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To Milton Analysis



Author: Poetry of Oscar Wilde Type: Poetry Views: 228

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MILTON! I think thy spirit hath passed away

From these white cliffs, and high-embattled towers;

This gorgeous fiery-coloured world of ours

Seems fallen into ashes dull and grey,

And the age changed unto a mimic play

Wherein we waste our else too-crowded hours:

For all our pomp and pageantry and powers

We are but fit to delve the common clay,

Seeing this little isle on which we stand,

This England, this sea-lion of the sea,10

By ignorant demagogues is held in fee,

Who love her not: Dear God! is this the land

Which bare a triple empire in her hand

When Cromwell spake the word Democracy!










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||| Analysis | Critique | Overview Below |||

.: :.

This sonnet is actually a cry against England at this time - Wilde believed that Puritanism and the time of Oliver Cromwell was the best time for England. Oliver Cromwell was a political leader who helped overthrow Charles I and establish the Commonwealth of England, Ireland, and Scotland. This was a brief "democracy" that England had (although democracy could be a very loose definition of it) before the Royalists came back into power. For Wilde, the poetry of Milton (author of Paradise Lost) is coming true. England is abandoning its great poets, politicians, and writers in favor of fashion and a sophisticated life. The world of beauty is now abandoned in favor of an industrial, scientific, world. Hope this helps. So much more can be said though!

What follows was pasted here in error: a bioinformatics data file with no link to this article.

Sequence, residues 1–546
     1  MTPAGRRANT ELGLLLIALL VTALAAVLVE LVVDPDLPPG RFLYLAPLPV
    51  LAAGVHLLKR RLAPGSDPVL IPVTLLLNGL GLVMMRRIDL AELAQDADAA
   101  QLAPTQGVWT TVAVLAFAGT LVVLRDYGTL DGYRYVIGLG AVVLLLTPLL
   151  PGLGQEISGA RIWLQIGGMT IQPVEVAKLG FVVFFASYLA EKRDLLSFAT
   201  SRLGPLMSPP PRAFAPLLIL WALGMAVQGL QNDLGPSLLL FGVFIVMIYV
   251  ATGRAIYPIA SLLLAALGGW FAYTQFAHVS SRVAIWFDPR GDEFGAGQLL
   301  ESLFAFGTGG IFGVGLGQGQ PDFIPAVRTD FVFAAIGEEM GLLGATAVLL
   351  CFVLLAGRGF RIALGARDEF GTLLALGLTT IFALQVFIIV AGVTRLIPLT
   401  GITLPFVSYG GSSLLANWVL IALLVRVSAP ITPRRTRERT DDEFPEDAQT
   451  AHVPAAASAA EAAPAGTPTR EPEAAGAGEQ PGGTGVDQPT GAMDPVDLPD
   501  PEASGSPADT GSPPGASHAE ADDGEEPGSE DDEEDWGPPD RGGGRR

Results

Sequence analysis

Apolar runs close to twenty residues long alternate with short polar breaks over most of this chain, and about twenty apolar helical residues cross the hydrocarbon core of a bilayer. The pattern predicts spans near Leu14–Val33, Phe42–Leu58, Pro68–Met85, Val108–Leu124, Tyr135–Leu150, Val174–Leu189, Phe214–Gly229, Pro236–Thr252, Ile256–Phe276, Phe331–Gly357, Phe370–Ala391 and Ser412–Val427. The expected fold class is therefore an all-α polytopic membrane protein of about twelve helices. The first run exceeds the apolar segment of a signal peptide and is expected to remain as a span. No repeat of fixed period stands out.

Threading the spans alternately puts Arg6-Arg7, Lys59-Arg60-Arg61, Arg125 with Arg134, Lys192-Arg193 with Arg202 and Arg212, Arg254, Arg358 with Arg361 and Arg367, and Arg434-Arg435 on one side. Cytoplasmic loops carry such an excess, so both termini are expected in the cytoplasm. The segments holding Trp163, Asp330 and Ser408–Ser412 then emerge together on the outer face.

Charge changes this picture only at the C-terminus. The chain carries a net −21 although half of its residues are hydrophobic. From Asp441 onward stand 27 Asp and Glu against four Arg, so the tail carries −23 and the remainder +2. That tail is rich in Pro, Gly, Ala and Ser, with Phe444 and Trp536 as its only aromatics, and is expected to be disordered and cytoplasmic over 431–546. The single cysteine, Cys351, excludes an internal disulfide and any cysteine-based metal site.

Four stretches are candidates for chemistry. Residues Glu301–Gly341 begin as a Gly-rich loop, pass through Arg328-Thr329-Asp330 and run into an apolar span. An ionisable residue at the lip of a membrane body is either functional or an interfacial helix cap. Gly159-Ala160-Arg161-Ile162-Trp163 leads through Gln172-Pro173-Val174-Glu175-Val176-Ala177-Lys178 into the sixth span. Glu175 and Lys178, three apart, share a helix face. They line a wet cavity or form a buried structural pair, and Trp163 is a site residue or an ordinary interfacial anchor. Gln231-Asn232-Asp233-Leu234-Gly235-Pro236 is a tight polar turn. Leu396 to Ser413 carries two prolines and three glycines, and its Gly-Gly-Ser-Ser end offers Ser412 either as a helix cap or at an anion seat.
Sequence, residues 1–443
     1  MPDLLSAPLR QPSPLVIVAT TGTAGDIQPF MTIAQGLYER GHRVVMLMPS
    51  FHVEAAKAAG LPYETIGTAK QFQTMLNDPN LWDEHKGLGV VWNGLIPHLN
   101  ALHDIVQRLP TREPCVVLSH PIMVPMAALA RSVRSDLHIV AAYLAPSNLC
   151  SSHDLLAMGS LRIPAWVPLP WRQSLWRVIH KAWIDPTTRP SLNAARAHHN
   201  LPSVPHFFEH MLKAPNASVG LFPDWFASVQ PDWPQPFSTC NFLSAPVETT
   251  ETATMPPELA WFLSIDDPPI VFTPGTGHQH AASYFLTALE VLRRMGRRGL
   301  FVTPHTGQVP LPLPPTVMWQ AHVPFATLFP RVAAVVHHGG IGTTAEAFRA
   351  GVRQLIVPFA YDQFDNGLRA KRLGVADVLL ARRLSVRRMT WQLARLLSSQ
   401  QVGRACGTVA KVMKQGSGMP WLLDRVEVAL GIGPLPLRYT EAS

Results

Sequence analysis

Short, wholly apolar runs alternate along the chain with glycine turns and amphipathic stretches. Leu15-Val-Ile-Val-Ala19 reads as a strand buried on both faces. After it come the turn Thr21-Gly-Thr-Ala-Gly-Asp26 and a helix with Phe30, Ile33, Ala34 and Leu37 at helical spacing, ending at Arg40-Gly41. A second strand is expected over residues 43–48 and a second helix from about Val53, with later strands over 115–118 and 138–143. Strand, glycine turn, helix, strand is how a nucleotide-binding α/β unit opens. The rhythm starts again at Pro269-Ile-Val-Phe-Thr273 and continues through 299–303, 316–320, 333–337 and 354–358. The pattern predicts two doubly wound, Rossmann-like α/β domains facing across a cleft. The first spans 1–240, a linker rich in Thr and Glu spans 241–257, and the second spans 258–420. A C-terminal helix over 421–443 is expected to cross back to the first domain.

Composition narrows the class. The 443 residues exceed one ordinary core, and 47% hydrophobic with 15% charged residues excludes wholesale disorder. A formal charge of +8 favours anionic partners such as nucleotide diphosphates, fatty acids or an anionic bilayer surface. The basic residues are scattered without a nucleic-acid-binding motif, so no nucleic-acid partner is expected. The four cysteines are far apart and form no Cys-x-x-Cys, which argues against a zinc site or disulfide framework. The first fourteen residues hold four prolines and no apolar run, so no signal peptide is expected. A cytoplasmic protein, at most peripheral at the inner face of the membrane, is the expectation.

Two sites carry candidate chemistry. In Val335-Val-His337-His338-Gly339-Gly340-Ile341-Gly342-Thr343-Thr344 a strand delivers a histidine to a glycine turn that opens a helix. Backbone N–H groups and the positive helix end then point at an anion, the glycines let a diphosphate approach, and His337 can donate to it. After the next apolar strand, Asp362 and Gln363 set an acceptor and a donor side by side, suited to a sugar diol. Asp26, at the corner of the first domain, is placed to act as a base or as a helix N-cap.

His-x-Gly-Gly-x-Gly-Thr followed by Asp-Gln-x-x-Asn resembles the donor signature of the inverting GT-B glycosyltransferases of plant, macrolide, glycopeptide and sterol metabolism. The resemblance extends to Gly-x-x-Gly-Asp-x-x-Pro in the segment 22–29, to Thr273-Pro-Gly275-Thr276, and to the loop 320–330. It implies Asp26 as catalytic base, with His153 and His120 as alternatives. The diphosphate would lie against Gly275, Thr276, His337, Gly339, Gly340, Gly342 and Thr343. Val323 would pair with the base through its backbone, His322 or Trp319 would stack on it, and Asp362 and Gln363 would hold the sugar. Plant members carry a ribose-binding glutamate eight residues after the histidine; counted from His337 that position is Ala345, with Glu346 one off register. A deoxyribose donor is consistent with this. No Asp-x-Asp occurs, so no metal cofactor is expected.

| Posted on 2015-04-30 | by a guest


.: :.

When you say he seems very patriotic to his country you are right, he was in fact Irish.

| Posted on 2014-01-28 | by a guest


.: To Milton :.

Weird Eel- You don't know much about Wilde or Milton do you? Milton is John Milton- 17th Century poet and political activist. England was not Wilde's country, nor was his patriotic. He was Irish. Mentioning John Milton in prose is not uncommon; many before Wilde had done so because he was so prominent in his beliefs and the pamphlets he'd written.

| Posted on 2007-11-17 | by a guest


.: :.

Maybe Milton was a political figure of some sort. Quite possible that Milton possessed some sort of chief persuassion over the city and its people and once held high morale for all. Since he is gone, everything seems fake or not worth doing.

I think Democracy had ruined it for Wilde; he seems very patriotic to his country (England?).

| Posted on 2005-02-20 | by the weird eel




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